I am Still Trying to Figure Out What I Want To Do
At the end of the day, it is not important what I do for a living. What is important is what I do on my own time. What I do in my downtime is more important to me. I could work a mundane job that does not always spark inspiration or makes me excited to go to, but I can have the love and spark I am looking for in my own personal projects. I have been learning to love my hobbies and projects with no intention of making something out of them but to make me happy. It gives me a purpose that a job could not provide me. I worked for a job that was my dream job, and at the end of my employment, I was not happy. I dreaded going to work by the end of it. It was hard to figure out what to do next.
After a lot of thinking, it became clear to me that I should do a job that I do not mind doing every day instead and that I am naturally good at to support my hobbies and lifestyle. I do not have to make the things I love into work; it can be things I love to do for me.
One of those things is my blog. It isn’t for anything more than something that makes me happy and helps me unwind from what is going on in my head. Whether it helps people or not is not the main focus, but it needed to be something I did without the heavy burden of doing it well for others to enjoy it. Reading about other people’s struggles helped me know that I did not suffer alone and made me feel like I did belong in the world after all.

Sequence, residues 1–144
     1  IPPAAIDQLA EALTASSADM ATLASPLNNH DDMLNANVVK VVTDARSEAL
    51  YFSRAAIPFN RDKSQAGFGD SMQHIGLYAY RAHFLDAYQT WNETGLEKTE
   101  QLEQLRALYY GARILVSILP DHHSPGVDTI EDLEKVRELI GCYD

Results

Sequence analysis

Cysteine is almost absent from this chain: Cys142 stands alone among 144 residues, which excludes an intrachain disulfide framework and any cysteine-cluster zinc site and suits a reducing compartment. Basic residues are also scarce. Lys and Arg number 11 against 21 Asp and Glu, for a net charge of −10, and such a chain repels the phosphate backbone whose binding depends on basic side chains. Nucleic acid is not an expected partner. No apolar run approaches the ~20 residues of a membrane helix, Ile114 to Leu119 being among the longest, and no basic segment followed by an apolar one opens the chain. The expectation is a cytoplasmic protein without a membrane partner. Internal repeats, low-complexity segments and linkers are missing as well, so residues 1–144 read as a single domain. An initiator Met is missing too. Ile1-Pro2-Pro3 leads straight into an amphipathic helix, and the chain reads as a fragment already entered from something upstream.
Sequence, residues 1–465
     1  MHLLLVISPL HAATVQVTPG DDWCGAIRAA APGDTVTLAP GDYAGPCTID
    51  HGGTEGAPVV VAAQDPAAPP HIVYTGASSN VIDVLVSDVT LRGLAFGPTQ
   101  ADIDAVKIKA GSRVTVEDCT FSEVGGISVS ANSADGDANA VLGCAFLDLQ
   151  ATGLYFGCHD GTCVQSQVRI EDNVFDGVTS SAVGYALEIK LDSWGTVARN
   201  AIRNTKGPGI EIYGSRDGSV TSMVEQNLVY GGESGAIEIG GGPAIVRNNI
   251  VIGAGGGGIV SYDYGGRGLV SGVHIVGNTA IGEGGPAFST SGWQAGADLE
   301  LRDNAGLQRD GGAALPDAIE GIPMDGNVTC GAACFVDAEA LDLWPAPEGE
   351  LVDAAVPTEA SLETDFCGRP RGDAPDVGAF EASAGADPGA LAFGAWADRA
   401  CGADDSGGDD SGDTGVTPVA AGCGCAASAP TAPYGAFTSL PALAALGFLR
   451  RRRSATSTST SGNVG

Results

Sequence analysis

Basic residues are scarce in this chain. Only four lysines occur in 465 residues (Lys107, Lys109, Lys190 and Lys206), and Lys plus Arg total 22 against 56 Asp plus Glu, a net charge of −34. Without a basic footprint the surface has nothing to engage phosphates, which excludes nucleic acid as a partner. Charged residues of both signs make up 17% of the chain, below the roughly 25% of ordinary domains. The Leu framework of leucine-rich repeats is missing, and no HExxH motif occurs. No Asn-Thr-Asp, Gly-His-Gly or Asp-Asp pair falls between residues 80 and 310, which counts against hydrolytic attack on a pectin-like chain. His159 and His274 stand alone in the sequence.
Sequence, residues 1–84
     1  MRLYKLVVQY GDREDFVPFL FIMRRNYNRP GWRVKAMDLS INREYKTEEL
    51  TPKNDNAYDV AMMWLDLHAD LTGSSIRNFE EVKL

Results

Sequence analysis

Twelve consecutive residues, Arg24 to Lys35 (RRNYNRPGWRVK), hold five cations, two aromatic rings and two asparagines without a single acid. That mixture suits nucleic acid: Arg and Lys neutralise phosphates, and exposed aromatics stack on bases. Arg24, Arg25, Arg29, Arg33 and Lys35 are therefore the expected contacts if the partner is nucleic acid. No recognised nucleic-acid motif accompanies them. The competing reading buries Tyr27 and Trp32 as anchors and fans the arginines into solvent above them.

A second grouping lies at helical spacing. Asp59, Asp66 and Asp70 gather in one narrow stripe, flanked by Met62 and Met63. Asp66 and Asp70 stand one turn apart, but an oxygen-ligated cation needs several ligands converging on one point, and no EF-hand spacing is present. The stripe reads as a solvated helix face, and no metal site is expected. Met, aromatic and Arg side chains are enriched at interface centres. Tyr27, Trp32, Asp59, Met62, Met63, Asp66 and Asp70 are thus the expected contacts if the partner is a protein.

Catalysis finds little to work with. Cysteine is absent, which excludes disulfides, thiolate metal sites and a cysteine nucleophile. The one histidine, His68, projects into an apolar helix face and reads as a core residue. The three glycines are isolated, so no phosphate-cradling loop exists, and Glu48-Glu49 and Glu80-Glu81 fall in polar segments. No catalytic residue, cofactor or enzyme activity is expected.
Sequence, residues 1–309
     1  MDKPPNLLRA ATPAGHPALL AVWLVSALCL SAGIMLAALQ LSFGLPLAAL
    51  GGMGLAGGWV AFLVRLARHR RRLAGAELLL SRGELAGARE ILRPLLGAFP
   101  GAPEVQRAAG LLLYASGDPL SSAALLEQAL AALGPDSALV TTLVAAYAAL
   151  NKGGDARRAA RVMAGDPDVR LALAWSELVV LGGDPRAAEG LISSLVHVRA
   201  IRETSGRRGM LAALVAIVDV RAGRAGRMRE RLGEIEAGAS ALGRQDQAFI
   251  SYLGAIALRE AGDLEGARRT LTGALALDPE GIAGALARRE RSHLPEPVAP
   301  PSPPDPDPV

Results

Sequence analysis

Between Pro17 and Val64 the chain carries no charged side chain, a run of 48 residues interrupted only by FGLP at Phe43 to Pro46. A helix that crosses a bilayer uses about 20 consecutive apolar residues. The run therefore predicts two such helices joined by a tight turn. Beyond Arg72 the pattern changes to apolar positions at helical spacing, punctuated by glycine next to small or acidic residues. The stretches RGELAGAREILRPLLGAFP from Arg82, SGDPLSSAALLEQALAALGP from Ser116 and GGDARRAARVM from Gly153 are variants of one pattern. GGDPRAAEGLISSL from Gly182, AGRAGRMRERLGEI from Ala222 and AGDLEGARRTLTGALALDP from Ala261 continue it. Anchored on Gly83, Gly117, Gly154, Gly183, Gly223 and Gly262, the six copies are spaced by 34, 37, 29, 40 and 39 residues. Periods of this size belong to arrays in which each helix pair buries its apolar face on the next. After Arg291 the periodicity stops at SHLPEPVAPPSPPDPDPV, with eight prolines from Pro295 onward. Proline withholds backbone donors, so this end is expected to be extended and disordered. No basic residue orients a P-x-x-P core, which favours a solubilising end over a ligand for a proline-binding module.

If they are fighting like hell, so can I.
I Hope This Helped Some of You
Watching people achieve so many remarkable things has been challenging, and I felt like I was wasting my life and beating myself up for being mentally ill. Reminding myself that life is much more than achieving milestones at a particular time but enjoying all the beauty and ugly that comes with it. My ugly truths are just as important as my achievements. It is okay to not be okay. It is okay to do things on your own time. It is okay to not want to be “anyone important,” but do whatever you do with pride. I hope you have found the little things that make you happy. I hope you are not so hard on yourself as well.
A friend of mine advised me to allow myself some grace; it was one of the best pieces of advice I have ever received.
If there is anything I would like for anyone to take away from this is to please give yourself some grace and enjoy your life without the heavy burden of expectations.
I will catch you guys next week.